What Does An Asset Manager Do?

Asset management controls more than £5.7 trillion in the UK and is responsible for more than $111 trillion in investments worldwide. It is an important business process in Financial Services. It helps individuals and institutions manage their assets in accordance with investment objectives, risk appetite and short and long term financial goals.

As a function, asset management ensures that assets are acquired, developed, operated, maintained and sold in the most cost-effective way possible and to yield optimum returns

What Does An Asset Manager Do?

What is an Asset Manager?

The role of an asset manager is vital in achieving these objectives, by developing, activating and maintaining the investment portfolio. Asset Managers typically manage client assets in line with pre-established preferences, and help make important decisions on the client’s behalf, driving portfolio growth and success.

This collaborative process involves strong relationship management capabilities and relies on a solid market reputation too. Regular client meetings assess each different investor’s requirements, reviews their risk appetite, understands their current asset status and report on goals and progress throughout the investment period.

The success of this relationship can maximise the investor’s wealth and growth ambitions, remove the complexity from asset management and provide clear asset strategies on all types of short- and long-term financial planning.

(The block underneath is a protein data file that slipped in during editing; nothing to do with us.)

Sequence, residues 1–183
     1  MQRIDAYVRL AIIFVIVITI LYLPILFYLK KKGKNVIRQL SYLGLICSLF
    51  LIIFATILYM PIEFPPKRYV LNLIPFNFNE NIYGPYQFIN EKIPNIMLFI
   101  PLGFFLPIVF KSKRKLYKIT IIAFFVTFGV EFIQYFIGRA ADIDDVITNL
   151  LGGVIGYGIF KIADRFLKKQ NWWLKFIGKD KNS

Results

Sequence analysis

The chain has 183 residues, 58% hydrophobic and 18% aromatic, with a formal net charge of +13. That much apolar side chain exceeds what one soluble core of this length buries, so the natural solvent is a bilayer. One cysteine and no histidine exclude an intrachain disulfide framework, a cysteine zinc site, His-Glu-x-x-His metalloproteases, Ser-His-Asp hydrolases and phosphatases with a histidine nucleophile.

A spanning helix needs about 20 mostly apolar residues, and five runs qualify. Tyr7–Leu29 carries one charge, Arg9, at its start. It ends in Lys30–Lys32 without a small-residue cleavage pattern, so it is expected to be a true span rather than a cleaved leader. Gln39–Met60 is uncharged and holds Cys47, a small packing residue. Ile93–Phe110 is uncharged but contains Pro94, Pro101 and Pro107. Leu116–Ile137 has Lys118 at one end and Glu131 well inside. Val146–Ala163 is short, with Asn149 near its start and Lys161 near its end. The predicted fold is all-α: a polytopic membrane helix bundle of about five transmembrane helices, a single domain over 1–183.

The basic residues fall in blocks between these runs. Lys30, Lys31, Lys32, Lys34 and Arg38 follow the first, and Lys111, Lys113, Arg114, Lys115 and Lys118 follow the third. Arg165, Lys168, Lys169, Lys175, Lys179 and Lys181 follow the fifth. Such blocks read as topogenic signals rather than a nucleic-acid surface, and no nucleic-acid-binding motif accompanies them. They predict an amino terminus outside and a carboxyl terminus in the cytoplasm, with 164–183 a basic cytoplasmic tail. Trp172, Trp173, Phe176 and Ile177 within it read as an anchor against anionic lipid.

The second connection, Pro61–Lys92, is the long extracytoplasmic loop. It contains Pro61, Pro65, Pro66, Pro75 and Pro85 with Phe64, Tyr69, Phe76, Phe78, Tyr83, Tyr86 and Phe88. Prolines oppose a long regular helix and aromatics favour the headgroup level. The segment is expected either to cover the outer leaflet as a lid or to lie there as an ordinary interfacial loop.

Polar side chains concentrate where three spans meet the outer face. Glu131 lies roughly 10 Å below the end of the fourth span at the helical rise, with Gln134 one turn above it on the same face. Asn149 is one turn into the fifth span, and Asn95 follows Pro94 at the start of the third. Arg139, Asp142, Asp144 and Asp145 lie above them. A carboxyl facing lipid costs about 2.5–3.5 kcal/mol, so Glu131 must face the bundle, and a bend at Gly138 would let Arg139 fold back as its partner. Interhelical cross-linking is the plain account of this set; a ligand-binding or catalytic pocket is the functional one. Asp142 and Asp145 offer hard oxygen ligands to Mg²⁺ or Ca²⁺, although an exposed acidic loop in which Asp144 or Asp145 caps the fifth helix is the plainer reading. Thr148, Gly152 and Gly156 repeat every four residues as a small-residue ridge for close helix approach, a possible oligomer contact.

As well as managing institutional or individual client relationships, the asset manager also manages third party relationships with other stakeholders, such as property managers, brokers and intermediaries, as well as middle office and back office functions like legal and compliance teams. To that end, a good asset manager should have strong communication, persuasion and negotiation skills and be highly organised with good time and project management capabilities.

Analysing and Reporting in Asset Management 

Asset Managers provide full transparency to investors, by preparing detailed financial statements, reporting on business activity, and forecasting expected results and any deviance from projections. They will also manage and monitor exposure to risk and ensure that risks are mitigated wherever possible

Asset managers have their fingers on the pulse of geo-political, economical and financial market forces and understand where the asset mix could be at risk of depreciation or exposure. They work closely with analysts and data to predict, project and protect the portfolio and identify new investment opportunities. The asset manager is constantly seeking new ways to reduce portfolio administration and other costs, mining financial reports and analysing portfolio data.

The importance of Good Asset Management

It’s vital for investors to understand and track their assets mix and for stakeholders to have insight into the structure of portfolios. Which assets are liquid, which are fixed, where does opportunity to diversify lie, where are the assets located…and so on? These insights steer optimum return and ensure that there is cash on hand, if or when required. Asset management can both identify and manage risk and or compliance of any asset classes, not just in relation to financial risk but also reputational. Furthermore, asset management controls make sure that financial statements are always up to date and ready for use when required.

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